The square is the beating heart and the centre of the Old Town and the world's architectural treasure, which combines various periods and styles in incredible harmony and beauty.
Today the square is located at the crossroads of trade routes, where since the 11th century buyers from different parts of Europe have met and they exchanged diverse goods at the local renowned market. We can admire the remains of the oldest Romanesque Old Town palaces in the basements of the current buildings, for instance in today's wineries and restaurants. Frequent floods from the near Vltava caused that the level of the square to lift gradually. The square is surrounded by houses and palaces of different styles. We can only admire a few of them, for example, on the eastern side of the square the Goltz-Kinský palace was built in the mid-18th century by Anselm Lurag in Rococo style. Beside it stands a purely Gothic Stone Bell House and then on the southeast side stands a Neo-Renaissance Štorch House from the late 19th century that depicts St. Vaclav. The next house, translated as “At Unicorn” has the original portal from 1520 and on the north side of the square there are palaces, whose current appearance dates from the late 19th century, which was a period of restoration of the Jewish Town. The square was a real commercial and social centre where festivals and tournaments were held, as well as coronation processions that passed through here and made history.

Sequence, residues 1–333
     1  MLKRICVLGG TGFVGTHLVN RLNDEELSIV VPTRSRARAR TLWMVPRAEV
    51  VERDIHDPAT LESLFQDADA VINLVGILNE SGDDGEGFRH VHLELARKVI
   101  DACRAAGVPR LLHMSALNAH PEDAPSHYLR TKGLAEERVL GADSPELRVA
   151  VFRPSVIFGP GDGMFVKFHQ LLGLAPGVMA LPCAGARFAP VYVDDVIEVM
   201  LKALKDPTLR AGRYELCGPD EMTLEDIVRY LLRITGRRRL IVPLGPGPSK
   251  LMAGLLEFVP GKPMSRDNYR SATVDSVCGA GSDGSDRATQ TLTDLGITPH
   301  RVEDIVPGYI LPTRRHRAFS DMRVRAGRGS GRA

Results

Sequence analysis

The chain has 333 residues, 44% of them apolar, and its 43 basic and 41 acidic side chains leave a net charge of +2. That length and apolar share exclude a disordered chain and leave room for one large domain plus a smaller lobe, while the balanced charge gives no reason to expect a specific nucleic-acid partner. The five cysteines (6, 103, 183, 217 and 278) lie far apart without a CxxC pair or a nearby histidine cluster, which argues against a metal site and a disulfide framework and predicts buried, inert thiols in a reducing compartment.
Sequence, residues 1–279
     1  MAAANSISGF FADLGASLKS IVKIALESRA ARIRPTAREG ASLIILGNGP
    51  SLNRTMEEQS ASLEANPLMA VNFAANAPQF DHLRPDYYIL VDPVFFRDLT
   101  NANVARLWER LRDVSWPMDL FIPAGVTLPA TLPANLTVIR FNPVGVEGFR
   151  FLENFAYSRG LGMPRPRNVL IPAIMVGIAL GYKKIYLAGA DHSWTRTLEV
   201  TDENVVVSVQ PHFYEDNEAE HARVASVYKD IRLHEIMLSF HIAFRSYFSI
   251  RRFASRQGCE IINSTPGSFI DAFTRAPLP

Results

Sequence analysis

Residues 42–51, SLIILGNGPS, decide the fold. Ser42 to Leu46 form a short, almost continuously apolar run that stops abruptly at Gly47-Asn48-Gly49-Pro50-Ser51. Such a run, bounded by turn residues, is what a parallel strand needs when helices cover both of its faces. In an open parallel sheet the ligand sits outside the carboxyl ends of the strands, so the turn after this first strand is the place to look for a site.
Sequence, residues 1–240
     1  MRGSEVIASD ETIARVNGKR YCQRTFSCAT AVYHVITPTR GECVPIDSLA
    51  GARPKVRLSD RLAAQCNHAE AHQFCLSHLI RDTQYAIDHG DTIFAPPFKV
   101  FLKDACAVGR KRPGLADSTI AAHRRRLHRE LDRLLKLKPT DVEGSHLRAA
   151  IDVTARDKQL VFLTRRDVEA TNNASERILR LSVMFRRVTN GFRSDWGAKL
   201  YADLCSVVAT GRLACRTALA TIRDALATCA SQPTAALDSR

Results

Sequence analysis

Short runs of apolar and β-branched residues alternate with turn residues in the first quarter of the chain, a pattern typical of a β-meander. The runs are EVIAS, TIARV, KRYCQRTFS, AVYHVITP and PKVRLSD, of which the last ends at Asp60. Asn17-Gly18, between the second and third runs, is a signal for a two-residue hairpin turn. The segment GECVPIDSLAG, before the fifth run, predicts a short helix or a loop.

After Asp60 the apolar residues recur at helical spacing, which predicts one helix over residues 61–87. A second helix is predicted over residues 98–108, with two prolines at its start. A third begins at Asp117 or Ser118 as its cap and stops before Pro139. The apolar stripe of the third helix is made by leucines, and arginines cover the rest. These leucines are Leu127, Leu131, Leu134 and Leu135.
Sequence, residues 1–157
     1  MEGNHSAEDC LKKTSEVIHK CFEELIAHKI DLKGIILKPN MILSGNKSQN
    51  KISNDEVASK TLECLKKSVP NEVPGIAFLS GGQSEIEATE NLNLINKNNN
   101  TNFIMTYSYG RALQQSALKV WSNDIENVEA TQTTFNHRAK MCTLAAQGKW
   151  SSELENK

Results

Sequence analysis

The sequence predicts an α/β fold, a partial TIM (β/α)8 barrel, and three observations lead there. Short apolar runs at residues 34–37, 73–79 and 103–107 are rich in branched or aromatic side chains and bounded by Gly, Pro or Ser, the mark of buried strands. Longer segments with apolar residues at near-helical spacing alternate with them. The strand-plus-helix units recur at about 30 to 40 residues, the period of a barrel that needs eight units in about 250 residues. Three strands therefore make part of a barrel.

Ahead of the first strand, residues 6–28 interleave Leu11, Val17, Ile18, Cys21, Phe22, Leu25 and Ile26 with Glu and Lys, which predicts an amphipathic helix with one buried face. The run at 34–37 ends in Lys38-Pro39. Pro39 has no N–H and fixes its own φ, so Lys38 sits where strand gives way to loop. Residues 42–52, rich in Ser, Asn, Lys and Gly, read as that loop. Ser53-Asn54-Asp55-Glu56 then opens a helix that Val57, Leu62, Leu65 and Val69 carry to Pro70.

The Thirty Years' War began in Prague on May 1618, due to the uprising of the Czech Estates (the nobility and the bourgeoisie) against the Habsburgs. The Old Town Square was a sad witness to the so-called Old Town Execution on 21.06.1621, which ended the first phase of the European conflict when twenty-seven leaders of the Czech uprising against Habsburg was executed on the square. It was a very cruel and exemplar trial for its age and twelve of the beheaded heads hung off the tower on the Charles Bridge for ten years. As a memorial of these executions there are twenty-seven crosses on the pavement in front of the Town Hall chapel. Looking at the Old Town Hall from the centre of the square, it is obvious that the part of the Town Hall building, which was completed in the neo-Gothic style in the late 19th century, was destroyed by the bombing at the end of the Second World War.
The Old Town Square remains as a cultural and touristic centre where concerts and markets are held, for example, the Christmas markets. It is also a place where Czech people like to gather and cheer for the sportsmen and where they possibly welcome back the winners after a match, especially for the ice hockey team.